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Readers panel: Should families be encouraged to witness resuscitation attempts on their loved ones?

Cardiac arrest is a traumatic event for patients and their families. As an Evidence and Practice article explores the benefits and drawbacks of family-witnessed resuscitation, Nursing Standard readers have their say

Cardiac arrest is a traumatic event for patients and their families. As an Evidence and Practice article explores the benefits and drawbacks of family-witnessed resuscitation, Nursing Standard readers have their say

Picture: Alamy

Liz Charalambous is a staff nurse and PhD student in Nottingham 

Giving families the choice to witness resuscitation attempts is in the spirit of openness and family-centred philosophy. But it is not for everyone and the team culture could influence the success or failure of such an initiative. Teams should have nationally and locally agreed protocols in place in the event of an arrest, and each situation should be carefully assessed. This should be about choice rather than encouragement because witnessing an arrest could do more harm than good for some families. 



Daniel Athey is a charge nurse on an acute medical unit in Sheffield 

I instinctively feel that this is a bad idea. Family members who are present for unexpected resuscitations are often hysterical or left completely traumatised. The flurry of action and number of people suddenly present can be overwhelming, and the brutal reality of resuscitation is generally unexpected and shocking. However, if the evidence suggests this can improve outcomes for family members and help them achieve closure, it may be appropriate in some cases, provided they are carefully vetted. 


Grant Byrne is a nursing student in Edinburgh 

With families increasingly involved in care decisions, it is understandable that some will want to be present when we are fighting to save their loved one’s life. Provided the family is properly supported, I see no reason why this option should not be given, but in environments where arrests are rarer it might be harder to provide the appropriate level of support. This will not be for everyone, but, for a person-centred and evidence-based approach, it is important to give people the choice.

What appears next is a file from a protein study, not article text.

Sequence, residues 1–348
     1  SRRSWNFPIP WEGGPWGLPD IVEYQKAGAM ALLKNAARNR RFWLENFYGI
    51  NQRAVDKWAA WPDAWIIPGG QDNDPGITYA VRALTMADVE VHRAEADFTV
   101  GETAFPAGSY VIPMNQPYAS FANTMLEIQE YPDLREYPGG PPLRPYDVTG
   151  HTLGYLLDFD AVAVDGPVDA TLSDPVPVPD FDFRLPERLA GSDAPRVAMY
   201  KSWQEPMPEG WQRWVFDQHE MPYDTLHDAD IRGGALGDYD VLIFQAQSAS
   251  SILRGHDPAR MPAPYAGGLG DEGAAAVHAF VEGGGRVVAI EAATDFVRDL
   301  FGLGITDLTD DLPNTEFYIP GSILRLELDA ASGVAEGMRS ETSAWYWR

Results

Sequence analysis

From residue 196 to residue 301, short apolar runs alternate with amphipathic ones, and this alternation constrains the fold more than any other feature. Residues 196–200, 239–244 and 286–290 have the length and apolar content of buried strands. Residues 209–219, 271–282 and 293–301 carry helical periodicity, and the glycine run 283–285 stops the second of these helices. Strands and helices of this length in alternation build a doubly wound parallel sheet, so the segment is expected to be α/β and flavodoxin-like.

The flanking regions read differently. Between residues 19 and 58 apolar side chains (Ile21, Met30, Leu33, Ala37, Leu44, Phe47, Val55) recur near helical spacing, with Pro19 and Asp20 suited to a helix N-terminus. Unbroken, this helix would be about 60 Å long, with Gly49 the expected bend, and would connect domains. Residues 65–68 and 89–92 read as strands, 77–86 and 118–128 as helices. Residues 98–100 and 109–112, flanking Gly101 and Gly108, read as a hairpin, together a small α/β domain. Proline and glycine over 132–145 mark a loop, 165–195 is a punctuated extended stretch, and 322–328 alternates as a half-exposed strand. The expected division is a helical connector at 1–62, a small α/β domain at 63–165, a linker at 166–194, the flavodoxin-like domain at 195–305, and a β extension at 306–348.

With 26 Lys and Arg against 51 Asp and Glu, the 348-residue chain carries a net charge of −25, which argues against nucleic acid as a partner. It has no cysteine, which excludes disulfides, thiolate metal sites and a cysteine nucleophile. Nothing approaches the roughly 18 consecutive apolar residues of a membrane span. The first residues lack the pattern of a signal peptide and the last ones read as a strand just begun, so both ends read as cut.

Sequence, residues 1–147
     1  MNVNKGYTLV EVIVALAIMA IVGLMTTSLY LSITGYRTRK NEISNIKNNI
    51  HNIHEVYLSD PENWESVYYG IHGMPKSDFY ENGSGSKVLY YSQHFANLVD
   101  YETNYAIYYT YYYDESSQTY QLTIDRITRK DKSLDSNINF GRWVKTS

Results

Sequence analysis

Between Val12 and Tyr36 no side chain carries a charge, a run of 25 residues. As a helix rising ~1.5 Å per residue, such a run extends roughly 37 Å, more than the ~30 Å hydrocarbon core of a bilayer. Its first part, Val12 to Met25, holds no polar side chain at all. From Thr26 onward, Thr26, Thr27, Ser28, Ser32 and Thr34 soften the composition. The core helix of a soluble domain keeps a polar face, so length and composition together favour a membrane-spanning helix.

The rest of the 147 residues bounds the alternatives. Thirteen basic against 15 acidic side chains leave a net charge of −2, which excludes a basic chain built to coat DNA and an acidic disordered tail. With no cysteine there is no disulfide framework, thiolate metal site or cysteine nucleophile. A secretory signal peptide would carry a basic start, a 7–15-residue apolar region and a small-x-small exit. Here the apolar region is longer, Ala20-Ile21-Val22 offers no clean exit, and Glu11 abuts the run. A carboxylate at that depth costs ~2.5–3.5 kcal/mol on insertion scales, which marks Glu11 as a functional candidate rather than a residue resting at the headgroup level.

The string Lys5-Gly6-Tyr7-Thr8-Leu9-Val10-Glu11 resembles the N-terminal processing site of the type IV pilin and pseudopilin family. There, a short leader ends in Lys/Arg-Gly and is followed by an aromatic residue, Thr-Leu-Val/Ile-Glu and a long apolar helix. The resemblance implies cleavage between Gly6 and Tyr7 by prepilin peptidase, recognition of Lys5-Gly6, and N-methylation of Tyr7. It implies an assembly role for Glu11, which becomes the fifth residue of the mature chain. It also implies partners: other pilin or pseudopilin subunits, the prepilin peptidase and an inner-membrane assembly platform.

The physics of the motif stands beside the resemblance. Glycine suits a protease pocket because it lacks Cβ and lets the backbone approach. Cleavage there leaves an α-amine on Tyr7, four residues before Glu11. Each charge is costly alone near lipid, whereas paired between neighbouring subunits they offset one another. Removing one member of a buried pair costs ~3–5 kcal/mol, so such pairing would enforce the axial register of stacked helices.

Kayleigh Peel is a staff nurse in cardiothoracic surgery in Birmingham 

The Nursing and Midwifery Council code says we should encourage and empower individuals to share decisions about their care, so we should promote the option of family members being able to witness resuscitation attempts when appropriate. But nurses need to know how to assess a family member’s suitability to witness resuscitation, and employers must provide training on this. Policies to standardise the support provided to family members who choose to witness resuscitation attempts also need to be implemented. 

Read our Evidence and Practice article Exploring the implementation of family-witnessed resuscitation here

Readers' panel members give their views in a personal capacity only 


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